Three largely separate literatures—on organizations, on professions, and on manual and clerical work settings—have treated the social control of work. From these writings we identify five modes of control over work: simple, technical, bureaucratic, occupational, and worker self-control. We discuss findings on conditions that underlie the occurrence of different controls. Contingency and resource dependence organization theories help explain the degree of bureaucratic control and the power of work groups within organizations. Literature on occupations and work groups suggests four categories of variables related to modes of control. These pertain to () the nature of tasks, particularly their degree of uncertainty, () relations between segments of occupation, () how an occupation fits into a division of labor, and () relations of an occupation to elements of its environment such as clients, markets, or government. Findings on professionals and those on lower-status workers are often similar although stated differently. Some findings of the sociology of work are subsumable under theories about organizations.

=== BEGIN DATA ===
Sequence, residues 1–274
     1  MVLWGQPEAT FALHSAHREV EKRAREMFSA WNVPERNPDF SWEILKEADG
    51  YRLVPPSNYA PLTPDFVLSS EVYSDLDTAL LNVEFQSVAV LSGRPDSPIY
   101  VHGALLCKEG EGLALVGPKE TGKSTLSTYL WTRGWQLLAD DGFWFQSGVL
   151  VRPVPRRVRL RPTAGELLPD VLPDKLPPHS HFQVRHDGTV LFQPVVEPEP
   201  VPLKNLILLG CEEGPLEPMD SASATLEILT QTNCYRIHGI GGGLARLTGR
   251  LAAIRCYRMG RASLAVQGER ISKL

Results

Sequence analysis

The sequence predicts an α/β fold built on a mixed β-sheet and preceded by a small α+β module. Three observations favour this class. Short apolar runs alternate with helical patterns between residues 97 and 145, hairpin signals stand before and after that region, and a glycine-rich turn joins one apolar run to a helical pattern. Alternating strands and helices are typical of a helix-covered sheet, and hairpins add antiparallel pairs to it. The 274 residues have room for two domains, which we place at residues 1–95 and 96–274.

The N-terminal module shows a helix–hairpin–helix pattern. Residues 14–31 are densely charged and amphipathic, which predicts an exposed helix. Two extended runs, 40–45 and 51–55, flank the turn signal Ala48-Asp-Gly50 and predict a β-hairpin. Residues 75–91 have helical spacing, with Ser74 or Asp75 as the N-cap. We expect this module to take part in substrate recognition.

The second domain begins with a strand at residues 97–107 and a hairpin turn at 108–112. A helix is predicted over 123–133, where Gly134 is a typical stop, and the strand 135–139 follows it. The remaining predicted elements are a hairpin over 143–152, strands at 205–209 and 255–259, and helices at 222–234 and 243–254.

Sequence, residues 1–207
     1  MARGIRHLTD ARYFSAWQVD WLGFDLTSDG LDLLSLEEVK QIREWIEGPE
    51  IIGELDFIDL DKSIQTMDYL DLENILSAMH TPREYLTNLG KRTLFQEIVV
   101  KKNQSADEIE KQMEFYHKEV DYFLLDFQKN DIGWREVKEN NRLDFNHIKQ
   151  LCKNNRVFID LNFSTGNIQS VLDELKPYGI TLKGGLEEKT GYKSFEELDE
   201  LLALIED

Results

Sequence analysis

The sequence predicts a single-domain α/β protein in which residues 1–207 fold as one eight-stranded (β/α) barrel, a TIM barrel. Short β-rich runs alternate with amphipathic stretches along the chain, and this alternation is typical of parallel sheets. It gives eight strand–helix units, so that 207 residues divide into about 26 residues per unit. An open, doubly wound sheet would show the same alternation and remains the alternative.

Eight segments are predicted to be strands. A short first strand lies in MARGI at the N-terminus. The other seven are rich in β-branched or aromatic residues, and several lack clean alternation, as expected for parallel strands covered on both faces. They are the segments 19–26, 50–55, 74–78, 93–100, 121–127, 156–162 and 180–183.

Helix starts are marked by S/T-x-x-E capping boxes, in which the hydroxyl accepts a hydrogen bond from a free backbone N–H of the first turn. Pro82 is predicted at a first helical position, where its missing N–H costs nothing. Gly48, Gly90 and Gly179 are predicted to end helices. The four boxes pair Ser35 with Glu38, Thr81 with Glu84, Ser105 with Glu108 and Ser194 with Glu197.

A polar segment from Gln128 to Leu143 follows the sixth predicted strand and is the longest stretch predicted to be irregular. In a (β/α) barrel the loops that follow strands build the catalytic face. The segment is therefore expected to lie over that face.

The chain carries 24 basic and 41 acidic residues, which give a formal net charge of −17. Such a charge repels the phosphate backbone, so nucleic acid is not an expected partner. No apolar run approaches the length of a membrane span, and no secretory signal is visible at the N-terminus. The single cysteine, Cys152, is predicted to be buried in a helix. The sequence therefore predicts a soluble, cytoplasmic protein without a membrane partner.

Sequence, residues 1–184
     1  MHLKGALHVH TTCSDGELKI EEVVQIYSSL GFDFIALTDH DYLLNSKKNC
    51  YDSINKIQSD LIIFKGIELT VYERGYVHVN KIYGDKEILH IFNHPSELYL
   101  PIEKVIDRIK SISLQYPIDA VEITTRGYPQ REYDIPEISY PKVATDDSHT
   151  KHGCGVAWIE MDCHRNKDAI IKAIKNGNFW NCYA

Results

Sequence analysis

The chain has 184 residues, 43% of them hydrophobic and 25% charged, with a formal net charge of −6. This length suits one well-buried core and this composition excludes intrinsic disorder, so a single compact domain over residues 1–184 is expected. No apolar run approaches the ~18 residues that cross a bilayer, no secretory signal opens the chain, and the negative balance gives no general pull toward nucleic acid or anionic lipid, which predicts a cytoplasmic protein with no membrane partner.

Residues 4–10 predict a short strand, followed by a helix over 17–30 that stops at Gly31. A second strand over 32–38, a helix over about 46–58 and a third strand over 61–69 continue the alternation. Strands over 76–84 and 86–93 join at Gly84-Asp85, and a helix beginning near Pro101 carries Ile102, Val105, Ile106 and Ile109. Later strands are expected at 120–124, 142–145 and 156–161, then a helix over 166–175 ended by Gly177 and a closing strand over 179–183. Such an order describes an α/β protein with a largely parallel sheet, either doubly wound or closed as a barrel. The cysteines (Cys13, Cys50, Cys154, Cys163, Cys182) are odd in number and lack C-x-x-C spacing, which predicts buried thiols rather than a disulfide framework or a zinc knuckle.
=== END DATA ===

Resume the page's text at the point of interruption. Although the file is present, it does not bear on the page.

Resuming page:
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  • Article Type: Review Article
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